Mark Johnson elected new Senate GOP leader 

Senate Democrats selected Sen. Kari Dziedzic as their new leader later Thursday afternoon.

Mark Johnson
Sen. Mark Johnson/Minnesota Senate

Minnesota Sen. Mark Johnson was elected Thursday as the new leader of the Senate GOP caucus, replacing Sen. Jeremy Miller.

Sens. Julia Coleman, Justin Eichorn, Karin Housley, and Bill Weber will also serve in caucus leadership, Republicans announced at a press conference.

“Senate Republicans are focused on delivering for Minnesotans,” Johnson said. “The historic surplus should go back to the people. Crime is keeping too many people living in fear in their own homes. Democrats ran on tax cuts and supporting law enforcement and we will hold them accountable to their promises.”

Miller first assumed the majority leader position in September 2021 when Sen. Paul Gazelka stepped down to run for governor.

His caucus lost control of the Minnesota Senate for the first time in six years in Tuesday’s midterms, handing control of both chambers of the Minnesota Legislature to the DFL. When all is said and done, Democrats are expected to have a narrow 34-33 majority in the Senate.

Some crucial wins for Democrats came in Senate District 36, where incumbent Republican Roger Chamberlain was unseated by Democrat Heather Gustafson, and Senate District 41, which has yet to be officially called. In that race, Republican Tom Dippel trails Democrat Judy Seeberger 49.6% to 50.4%. State Rep. Tony Jurgens, a Republican who lost to Dippel in the primary, endorsed Seeberger.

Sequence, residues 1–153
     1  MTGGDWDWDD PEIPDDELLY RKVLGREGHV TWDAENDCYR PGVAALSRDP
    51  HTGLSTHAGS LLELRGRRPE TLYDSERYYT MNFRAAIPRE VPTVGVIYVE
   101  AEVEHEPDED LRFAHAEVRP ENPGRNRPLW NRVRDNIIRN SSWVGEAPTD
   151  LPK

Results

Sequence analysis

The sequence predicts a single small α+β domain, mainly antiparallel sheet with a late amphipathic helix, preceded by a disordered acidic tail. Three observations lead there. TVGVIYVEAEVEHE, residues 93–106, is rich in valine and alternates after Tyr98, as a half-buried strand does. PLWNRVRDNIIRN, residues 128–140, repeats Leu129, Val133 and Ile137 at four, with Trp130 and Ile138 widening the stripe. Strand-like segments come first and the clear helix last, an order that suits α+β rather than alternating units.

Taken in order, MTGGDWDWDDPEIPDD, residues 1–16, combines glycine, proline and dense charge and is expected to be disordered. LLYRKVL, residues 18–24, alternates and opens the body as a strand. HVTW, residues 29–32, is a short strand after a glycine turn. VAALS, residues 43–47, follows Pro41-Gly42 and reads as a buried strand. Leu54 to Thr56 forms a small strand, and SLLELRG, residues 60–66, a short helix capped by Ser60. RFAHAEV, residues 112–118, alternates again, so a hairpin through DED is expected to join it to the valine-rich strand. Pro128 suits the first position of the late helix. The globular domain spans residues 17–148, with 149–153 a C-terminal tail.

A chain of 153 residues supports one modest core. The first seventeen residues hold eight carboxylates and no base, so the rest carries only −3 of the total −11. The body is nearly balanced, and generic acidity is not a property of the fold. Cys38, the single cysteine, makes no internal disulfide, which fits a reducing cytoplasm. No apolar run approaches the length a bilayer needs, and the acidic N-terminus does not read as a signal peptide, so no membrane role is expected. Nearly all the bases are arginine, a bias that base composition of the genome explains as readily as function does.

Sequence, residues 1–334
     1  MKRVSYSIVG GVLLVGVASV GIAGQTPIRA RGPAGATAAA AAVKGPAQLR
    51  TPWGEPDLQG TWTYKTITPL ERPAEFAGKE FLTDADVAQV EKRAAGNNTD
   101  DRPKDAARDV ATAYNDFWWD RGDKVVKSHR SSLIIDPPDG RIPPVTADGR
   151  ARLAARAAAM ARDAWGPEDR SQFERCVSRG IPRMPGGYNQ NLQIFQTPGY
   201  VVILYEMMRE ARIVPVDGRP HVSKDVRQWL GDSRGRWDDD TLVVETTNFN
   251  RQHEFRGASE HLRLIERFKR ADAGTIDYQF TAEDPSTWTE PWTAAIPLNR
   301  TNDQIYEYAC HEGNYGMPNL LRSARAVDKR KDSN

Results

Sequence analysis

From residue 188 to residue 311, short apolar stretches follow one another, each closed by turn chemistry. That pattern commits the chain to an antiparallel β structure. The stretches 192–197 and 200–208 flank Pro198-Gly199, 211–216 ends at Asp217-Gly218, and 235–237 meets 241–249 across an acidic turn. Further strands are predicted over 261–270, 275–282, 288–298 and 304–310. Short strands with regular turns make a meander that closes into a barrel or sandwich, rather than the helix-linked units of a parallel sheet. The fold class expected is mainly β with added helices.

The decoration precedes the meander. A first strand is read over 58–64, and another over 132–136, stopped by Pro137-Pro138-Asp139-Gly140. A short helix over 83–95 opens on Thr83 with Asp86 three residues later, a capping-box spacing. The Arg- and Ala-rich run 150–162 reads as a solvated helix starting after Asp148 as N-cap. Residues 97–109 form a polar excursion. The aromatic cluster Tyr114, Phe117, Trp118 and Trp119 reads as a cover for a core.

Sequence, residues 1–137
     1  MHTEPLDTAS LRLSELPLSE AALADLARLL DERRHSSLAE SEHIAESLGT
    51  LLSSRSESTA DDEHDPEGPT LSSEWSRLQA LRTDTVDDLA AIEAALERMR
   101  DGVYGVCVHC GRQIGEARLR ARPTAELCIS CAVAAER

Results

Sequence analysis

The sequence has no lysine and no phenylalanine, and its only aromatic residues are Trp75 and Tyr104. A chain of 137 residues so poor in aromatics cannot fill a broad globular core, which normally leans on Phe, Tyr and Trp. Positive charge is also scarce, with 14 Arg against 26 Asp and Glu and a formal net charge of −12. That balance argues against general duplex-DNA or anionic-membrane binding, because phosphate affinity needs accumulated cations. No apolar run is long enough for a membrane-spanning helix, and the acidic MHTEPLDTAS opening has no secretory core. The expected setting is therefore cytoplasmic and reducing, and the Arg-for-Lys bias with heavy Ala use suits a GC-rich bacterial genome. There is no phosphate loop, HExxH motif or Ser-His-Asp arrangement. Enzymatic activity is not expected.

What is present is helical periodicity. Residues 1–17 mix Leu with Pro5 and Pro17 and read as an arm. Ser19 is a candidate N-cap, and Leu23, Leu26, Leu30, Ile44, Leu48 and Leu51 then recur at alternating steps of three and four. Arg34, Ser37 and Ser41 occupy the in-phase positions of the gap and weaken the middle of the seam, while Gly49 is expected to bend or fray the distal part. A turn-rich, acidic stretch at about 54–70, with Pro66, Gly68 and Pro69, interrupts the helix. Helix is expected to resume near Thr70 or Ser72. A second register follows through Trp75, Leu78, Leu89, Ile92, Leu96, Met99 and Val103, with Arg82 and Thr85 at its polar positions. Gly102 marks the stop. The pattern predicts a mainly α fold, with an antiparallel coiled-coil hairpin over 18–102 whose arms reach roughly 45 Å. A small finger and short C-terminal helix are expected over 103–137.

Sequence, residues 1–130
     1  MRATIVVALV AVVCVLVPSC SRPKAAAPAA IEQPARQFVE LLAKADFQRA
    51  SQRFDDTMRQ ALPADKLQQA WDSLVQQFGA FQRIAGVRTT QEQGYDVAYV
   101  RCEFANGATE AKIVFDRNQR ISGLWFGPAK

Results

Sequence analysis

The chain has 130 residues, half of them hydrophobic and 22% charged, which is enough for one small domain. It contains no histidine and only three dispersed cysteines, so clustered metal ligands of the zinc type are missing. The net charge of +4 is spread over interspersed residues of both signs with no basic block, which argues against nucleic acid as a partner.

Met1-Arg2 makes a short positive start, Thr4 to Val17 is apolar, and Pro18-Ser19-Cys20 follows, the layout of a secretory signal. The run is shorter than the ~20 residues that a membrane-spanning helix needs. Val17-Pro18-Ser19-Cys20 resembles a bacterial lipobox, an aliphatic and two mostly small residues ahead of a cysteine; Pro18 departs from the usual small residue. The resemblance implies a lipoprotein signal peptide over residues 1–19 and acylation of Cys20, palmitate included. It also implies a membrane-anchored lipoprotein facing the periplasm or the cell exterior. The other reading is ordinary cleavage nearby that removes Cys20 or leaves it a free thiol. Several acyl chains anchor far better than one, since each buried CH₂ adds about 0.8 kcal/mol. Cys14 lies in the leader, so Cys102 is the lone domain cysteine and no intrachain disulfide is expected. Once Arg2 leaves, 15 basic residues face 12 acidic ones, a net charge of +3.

Senate Democrats selected Sen. Kari Dziedzic as their new leader later Thursday afternoon. She will replace the retiring Sen. Melisa López Franzen. House Majority Leader Ryan Winkler is also retiring. It’s unclear if Rep. Kurt Daudt will stay on as House GOP leader.

In the House, the DFL is projected to hold a 70-64 seat majority. Both chambers combined are expected to have close to 70 new members.


Anthony Gockowski

Anthony Gockowski is Editor-in-Chief of Alpha News. He previously worked as an editor for The Minnesota Sun and Campus Reform, and wrote for the Daily Caller.